Biodiversity in Panama

Biodiversity in Panama

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The tropics are home to most of Earth’s plant, fungi and animal species – more species can be found within just a few hectares of Panamanian forest than exist across all 50 US states and Canada combined!

Nearly three million years ago, Panama’s rise propelled the Great American Biotic Interchange as species moved between North and South America and formed Panama’s natural landscape. Today this biodiversity serves as its cornerstone.

Biodiversity Hotspot

Panama is one of the biodiversity hotspots, boasting more than 10,000 plant species and 250+ types of mammals, over 320 reptilian species and an abundance of birds. Due to its location as a thin “biological corridor” between North America and South America, this country serves as an invaluable passageway for wildlife migration between these regions.

Colombia is comprised of two biogeographic zones, the Choco-Darien wet forests and Colombian Tumbesian dry forests. A biodiversity hotspot exists here with numerous habitats such as cloud forest, lowland tropical rainforests, mangrove forests, and dry mountain forests exhibiting high diversity levels.

Study results analyzing coral diversity in the Pacific region revealed 57 species, consisting of 19 hard (scleractinian) and 38 soft coral species (octocorals). Researchers determined that Gulf of Chiriqui’s abundance and diversity are comparable with Cano Island Biological Reserve in Costa Rica as an oasis for biodiversity.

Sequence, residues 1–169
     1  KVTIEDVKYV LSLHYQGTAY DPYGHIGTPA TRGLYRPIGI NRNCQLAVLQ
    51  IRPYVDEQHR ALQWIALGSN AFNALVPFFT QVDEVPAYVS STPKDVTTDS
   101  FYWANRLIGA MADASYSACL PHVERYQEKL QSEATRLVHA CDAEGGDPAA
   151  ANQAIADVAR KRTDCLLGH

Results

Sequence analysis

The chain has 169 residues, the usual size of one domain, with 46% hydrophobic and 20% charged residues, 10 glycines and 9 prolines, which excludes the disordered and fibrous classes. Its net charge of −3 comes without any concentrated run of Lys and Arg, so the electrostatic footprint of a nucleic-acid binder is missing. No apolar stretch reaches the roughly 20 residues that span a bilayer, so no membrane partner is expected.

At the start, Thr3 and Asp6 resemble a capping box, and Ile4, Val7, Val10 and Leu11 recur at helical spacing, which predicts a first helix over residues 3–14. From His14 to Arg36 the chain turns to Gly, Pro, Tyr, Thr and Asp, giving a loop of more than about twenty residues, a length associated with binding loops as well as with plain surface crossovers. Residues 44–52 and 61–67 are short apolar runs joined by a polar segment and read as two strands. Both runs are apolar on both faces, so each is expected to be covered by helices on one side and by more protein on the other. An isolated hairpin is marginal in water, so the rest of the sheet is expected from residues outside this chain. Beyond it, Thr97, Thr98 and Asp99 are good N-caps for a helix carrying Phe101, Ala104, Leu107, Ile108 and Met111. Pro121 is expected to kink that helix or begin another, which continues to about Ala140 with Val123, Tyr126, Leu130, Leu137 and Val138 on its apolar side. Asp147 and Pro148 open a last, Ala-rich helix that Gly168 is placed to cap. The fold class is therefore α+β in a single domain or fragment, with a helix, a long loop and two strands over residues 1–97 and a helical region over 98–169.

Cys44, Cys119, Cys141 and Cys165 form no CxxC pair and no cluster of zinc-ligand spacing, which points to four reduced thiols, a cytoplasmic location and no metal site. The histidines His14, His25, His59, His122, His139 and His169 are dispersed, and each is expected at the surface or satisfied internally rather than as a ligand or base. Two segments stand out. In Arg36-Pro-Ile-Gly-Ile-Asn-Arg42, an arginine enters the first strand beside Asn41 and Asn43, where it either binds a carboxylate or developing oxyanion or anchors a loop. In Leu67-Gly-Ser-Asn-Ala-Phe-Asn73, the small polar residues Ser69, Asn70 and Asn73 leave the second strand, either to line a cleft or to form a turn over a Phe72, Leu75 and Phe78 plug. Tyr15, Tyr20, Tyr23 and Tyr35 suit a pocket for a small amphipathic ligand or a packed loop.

An international research collaboration map on biodiversity science in Central America showed that the US, Costa Rica and Panama were among the top active countries. The map displays the number of publications co-authored by different countries and institutions on topics including taxonomy, new species description, morphology ecology genetics systematics conservation.


Panama serves as an invaluable bridge between two continents and oceans, drawing tourists with responsible tourism that contribute to conservation efforts and generate funds to be put toward conservation projects. Panama boasts rainforests, mangrove wetlands and mountain cloud forests with over 1,000 plant species and abundant exotic wildlife from both continents; especially rich biodiversity can be found in its tropical regions which host most of Earth’s plants, animals and fungi species.

Panama’s national parks, forest reserves and wildlife refuges offer numerous ecotourism activities that allow visitors to appreciate nature without negatively impacting its ecosystems. Activities available here include jungle tours, bird-watching and whale-watching in a range of habitats including marine protected areas.

Panama’s national parks, such as Chagres National Park in Darien region and Cerro Azul Mountains’ “Pipeline Road”, are world-renowned birding locations. Additionally, tourists can also explore Panama’s culture by experiencing indigenous communities – for instance in Yarari and Parara Puru villages tourists can learn weaving techniques used by indigenous communities and traditional art forms from indigenous artists.